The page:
'A surprise trip': UAE royal adviser resurfaces 10 days after reported arrest
An adviser to the Emirati royal family who was detained for 10 days returned to Twitter on Thursday, saying his disappearance was down to a “surprise trip”.
Abdulkhaleq Abdullah, a high-profile academic and adviser to Mohammed bin Zayed – head of the Emirati armed forces – had disappeared on 16 January.
Abdullah returned to Twitter on Thursday, saying he had been on a “surprise trip” and promising a “new phase of communication with followers”.
Translation: I am returning after a 10-day interruption. I was on a surprise trip that was enjoyable and extremely beneficial. It will be the start of a new phase of communication with followers. Thank you.
Usually a prolific user of Twitter, he has not tweeted since then.
Amnesty researcher Drewery Dyke, who specialises in Gulf issues, confirmed that Abdullah had been released, and was back at home.
The local branch of Amnesty International had earlier confirmed that he had been arrested, expressing concern that he was being held as a “prisoner of conscience”.
Abdullah’s arrest came as a surprise to many, given his closeness to the UAE’s ruling family.
“He has expressed critical views about specific practices in the UAE and particular events, but he’s not known to be a supporter or member of any political or social group. He has repeatedly expressed support for the government in a number of ways,” Dyke said.
“Recent patterns of arrest in the UAE suggest that he may have been detained in connection with views he expressed on Twitter.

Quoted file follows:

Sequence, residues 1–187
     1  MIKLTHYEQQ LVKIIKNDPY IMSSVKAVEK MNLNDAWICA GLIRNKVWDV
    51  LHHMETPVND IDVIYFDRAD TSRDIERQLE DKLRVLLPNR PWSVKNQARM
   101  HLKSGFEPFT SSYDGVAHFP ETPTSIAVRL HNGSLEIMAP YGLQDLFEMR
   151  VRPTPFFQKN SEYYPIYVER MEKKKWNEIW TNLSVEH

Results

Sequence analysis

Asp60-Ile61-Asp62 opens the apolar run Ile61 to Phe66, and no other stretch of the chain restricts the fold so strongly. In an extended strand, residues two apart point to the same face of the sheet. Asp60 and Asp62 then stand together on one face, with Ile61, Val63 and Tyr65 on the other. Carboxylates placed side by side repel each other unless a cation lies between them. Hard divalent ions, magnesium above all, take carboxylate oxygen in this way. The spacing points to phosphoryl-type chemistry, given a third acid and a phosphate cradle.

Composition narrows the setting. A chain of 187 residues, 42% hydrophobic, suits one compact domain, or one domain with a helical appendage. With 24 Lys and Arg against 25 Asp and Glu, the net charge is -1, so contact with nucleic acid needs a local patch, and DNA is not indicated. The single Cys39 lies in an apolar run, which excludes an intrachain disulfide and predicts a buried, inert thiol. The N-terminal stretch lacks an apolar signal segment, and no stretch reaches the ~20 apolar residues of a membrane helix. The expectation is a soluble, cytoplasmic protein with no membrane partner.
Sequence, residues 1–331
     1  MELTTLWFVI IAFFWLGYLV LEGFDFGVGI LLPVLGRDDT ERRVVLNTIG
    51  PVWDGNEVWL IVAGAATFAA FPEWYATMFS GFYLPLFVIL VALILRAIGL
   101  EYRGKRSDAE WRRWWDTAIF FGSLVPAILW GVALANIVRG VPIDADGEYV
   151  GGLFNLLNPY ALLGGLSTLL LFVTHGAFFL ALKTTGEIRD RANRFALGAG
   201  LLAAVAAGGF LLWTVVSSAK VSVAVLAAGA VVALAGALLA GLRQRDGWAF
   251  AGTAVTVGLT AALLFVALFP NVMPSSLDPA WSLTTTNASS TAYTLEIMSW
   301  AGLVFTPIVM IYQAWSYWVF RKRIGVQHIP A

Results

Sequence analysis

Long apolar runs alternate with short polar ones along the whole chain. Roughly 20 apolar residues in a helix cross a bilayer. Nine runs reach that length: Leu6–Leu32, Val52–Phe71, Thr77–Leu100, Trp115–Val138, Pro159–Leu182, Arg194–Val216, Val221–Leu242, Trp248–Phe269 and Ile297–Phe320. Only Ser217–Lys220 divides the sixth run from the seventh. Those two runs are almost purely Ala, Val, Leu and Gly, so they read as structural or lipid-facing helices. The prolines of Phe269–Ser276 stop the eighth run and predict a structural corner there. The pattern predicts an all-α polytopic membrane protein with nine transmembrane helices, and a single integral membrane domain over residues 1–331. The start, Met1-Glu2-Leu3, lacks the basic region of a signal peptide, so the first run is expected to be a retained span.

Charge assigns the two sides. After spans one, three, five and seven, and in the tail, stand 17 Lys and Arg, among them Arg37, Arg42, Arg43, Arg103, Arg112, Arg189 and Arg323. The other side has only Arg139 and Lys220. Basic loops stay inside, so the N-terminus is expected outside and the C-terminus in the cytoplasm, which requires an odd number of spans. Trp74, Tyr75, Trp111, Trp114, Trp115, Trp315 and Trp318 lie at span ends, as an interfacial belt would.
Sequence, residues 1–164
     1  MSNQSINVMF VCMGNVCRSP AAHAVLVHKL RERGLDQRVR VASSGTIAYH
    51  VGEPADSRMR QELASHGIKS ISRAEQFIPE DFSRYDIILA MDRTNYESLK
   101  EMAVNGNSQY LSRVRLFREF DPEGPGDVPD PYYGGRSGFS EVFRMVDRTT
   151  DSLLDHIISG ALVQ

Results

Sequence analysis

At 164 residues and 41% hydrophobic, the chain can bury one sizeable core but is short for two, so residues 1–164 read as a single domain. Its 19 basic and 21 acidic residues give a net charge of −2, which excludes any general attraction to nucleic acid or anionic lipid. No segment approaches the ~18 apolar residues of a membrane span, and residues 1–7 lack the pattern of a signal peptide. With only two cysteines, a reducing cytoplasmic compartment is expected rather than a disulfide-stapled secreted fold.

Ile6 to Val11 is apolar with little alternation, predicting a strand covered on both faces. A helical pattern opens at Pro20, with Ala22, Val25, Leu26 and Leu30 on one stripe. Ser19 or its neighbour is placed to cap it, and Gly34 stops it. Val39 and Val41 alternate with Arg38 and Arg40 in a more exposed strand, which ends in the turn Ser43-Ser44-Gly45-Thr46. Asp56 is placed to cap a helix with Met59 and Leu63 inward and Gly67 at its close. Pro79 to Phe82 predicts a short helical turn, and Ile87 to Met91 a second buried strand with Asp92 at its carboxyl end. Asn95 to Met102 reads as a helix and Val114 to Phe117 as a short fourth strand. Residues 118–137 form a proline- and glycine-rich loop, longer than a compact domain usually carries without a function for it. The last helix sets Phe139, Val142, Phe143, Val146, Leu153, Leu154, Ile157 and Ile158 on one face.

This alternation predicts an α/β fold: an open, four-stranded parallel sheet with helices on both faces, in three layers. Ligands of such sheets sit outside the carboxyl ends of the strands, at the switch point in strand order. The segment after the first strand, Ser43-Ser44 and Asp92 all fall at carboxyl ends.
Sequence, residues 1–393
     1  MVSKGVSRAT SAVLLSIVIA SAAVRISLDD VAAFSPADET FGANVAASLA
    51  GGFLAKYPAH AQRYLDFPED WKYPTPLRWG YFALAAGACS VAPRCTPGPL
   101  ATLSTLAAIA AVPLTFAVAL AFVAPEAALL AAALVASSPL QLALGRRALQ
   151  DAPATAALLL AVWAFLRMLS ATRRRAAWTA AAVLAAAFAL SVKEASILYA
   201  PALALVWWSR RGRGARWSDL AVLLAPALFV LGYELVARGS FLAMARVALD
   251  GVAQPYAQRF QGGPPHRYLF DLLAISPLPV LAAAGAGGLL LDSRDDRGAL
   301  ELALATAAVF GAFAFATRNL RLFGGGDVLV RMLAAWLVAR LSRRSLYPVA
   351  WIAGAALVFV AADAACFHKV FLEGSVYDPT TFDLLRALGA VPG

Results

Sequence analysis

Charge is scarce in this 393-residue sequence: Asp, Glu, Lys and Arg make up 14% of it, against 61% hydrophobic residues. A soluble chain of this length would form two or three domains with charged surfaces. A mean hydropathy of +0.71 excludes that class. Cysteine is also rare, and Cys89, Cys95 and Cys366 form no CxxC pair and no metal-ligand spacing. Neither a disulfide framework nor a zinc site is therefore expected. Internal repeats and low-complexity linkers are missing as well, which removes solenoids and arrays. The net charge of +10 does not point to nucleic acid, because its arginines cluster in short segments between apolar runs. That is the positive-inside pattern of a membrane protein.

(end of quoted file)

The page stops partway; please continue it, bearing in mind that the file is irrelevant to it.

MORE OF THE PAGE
“He recently [tweeted] about freedom of expression and it may be in connection with that. For that reason, if he is detained he would be a prisoner of conscience.
“Since 2011 the UAE has made many arrests and the authorities have only confirmed such arrests after months of incommunicado detention.”
Abdullah is a retired professor of political science at the University of the United Arab Emirates, and currently serves as an adviser to Mohammed bin Zayed, the crown prince of Abu Dhabi and head of the UAE’s armed forces.
However, he has been openly critical of government policy.
He is also an outspoken opponent of Egypt’s President Abdel Fattah Sisi, who has received millions of dollars of financial support from the UAE.
He has advised Sisi not to run for president in 2018, and wrote in December that he had become “a political and financial burden on the Gulf states”.
Abdullah was also fired from his post at an Iraqi university last summer over criticism of the Popular Mobilisation Units, the militia groups allied to the Iraqi army to fight Islamic State.